He spent all night in giving thanks to God. As dawn broke on the Wednesday, he ordered us to finish writing what we had started, and we did this until the third hour [mid-morning]. Afterwards we carried the relics of the saints in solemn procession, as it was the custom to do on that day. One of us stayed with him, and asked him: “Dear master, the book is almost complete, there is one chapter left to go – would it be difficult for you if I asked you to do more dictation?.” “No,” Bede replied, “it is easy. Take your pen and ink, and write quickly” – which he did.
  At the ninth hour [mid-afternoon] he said to me “I have a few precious things in my cell: some pepper, some napkins, and some incense. Run quickly and call the priests of the monastery to me, so that I can give to them the few little gifts that God gave me.” When they came he spoke to them in turn, giving advice to each one and begging him to say a Mass and pray for him; which they all willingly promised to do.
  They were grief-stricken and wept, especially because he had said that he thought they would not see his face much more in this world. But at the same time it made them glad when he said “It is time – if it is my Maker’s will – to return to him who made me, who shaped me out of nothing and gave me existence. I have lived a long time, and the righteous judge has provided well for me all my life: now the time of my departure is at hand, for I long to dissolve and be with Christ; indeed, my soul longs to see Christ its king in all his beauty.” This is just one saying of his: he said many other things too, to our great benefit – and thus he spent his last day in gladness until the evening.
  Then Wilbert (the boy who asked him for dictation) asked him again: “Dear master, there is still one sentence left to write.” “Write it quickly,” he answered. A little later the boy said “now it is completed” and Bede replied “you have spoken truly, it is finished. Hold up my head, because I love to sit facing my holy place, the place where I used to pray, and as I sit I can call upon my Father.”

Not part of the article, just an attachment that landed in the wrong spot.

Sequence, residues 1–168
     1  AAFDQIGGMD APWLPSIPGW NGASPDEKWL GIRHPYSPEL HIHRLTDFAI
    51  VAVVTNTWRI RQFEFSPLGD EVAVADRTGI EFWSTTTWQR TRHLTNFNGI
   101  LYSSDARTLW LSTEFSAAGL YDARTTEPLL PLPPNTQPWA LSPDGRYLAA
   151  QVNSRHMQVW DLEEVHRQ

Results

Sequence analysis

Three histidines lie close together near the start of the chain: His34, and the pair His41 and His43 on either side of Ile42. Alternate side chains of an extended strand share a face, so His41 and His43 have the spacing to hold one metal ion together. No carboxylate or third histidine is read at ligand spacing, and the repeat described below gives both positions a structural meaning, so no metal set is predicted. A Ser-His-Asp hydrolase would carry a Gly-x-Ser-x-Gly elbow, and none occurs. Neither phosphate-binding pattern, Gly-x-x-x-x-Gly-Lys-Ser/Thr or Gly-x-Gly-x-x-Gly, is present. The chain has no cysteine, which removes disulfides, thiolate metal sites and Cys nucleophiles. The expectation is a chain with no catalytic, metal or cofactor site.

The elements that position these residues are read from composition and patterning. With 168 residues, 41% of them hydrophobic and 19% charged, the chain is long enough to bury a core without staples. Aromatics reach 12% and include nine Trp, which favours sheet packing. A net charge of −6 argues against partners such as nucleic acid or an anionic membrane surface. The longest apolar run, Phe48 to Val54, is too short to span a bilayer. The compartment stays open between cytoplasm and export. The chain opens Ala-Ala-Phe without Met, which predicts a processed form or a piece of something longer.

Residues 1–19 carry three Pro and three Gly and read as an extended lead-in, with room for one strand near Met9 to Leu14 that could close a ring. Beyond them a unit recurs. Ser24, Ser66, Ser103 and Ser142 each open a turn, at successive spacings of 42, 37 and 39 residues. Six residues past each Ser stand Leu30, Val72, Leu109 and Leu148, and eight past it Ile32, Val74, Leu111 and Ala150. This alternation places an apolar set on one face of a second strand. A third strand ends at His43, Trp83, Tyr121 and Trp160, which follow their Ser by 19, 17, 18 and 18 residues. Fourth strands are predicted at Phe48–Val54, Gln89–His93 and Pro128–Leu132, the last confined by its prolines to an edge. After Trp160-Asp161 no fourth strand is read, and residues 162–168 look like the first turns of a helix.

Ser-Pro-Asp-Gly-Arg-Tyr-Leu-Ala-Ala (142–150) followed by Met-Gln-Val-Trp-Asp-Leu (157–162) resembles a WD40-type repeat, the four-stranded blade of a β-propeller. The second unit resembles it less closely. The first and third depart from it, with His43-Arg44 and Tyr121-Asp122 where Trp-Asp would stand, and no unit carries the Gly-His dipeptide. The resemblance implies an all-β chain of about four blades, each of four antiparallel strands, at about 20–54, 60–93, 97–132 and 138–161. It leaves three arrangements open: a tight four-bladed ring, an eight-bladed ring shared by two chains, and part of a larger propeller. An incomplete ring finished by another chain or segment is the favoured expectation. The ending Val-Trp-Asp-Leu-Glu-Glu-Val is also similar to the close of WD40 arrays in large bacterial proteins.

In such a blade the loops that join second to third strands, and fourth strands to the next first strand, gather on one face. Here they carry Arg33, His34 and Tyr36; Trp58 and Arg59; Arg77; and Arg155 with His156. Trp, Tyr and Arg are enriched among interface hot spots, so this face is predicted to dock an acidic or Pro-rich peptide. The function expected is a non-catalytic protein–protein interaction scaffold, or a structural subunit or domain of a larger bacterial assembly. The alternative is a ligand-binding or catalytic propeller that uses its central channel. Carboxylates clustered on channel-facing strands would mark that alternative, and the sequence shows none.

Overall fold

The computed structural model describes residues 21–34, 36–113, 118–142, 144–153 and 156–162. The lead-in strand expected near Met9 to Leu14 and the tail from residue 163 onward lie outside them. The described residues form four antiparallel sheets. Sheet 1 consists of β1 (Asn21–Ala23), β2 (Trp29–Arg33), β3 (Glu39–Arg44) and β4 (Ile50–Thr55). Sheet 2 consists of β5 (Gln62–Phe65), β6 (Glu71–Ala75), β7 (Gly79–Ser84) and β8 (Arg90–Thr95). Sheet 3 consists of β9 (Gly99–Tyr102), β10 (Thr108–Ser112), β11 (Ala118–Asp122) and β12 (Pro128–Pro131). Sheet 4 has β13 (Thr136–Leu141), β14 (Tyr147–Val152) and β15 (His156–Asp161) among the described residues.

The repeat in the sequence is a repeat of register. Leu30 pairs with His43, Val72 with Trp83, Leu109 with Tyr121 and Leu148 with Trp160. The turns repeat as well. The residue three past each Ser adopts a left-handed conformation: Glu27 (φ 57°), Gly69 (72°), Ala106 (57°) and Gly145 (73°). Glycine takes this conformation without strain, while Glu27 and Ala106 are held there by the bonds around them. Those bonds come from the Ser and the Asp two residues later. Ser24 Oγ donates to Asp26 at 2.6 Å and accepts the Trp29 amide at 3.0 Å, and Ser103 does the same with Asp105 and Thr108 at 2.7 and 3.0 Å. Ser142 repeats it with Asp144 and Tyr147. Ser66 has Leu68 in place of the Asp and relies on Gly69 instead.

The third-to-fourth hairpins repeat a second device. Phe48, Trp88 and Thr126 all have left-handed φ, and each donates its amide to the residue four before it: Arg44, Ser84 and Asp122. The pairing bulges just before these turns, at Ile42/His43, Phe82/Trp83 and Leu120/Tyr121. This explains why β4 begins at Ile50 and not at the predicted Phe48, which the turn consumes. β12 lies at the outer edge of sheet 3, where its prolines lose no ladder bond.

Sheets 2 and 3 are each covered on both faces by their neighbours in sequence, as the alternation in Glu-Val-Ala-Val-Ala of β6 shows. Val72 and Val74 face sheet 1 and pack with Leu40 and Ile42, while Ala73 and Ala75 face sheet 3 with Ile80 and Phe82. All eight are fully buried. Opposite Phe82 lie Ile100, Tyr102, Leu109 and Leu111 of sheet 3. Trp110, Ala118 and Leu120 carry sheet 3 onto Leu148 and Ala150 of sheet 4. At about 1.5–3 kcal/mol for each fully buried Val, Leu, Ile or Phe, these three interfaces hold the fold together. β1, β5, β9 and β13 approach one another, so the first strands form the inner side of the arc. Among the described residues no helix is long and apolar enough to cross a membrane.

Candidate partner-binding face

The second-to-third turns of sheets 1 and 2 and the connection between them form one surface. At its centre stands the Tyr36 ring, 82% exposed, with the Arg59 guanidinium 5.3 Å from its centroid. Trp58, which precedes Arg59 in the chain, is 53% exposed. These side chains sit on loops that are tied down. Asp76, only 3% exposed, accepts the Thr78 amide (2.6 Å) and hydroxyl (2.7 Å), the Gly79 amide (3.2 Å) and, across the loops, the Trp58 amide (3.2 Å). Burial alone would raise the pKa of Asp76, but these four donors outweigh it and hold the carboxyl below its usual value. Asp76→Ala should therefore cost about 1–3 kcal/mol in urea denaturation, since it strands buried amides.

And so, on the floor of his cell, he sat and sang “Glory be to the Father and to the Son and to the Holy Spirit”; and as he named the Spirit, the Breath of God, he breathed the last breath from his own body. With all the labour that he had given to the praise of God, there can be no doubt that he went into the joys of heaven that he had always longed for.
Responsorium
℟. Cunctum tempus vitæ meæ in monastérii habitatióne péragens, omnem meditándis Scriptúris óperam dedi; atque inter observántiam disciplínæ reguláris et cotidiánam cantándi in ecclésia curam;* Semper aut díscere aut docére aut scríbere dulce hábui.
℣. Qui fécerit et docúerit, magnus vocábitur in regno cælórum.* Semper.
Responsory
I spent the whole of my life within the monastery and gave my full attention to the study of scripture, always observing the regular discipline and daily choral duties. It was a joy to me to be ever studying, teaching or writing.
Whoever keeps my commandments and teaches others to do the same will be great in the kingdom of heaven. It was a joy to me to be ever studying, teaching or writing.

Oremus.
  Deus, qui Ecclésiam tuam beáti Bedæ, presbýteri, eruditióne claríficas, fámulis tuis concéde propítius, et eius semper illustrári sapiéntia, et méritis adiuvári. Per Dóminum.
Let us pray.
Lord God, you enrich your Church
  with the grace of Saint Bede’s learning.
In your love, grant to us who serve you
  that his wisdom may always enlighten us,
  and his prayer help us.
Through our Lord Jesus Christ, your Son,
  who lives and reigns with you and the Holy Spirit,
  one God, for ever and ever.
Amen.

Benedicámus Dómino.
– Deo grátias.
Let us praise the Lord.
– Thanks be to God.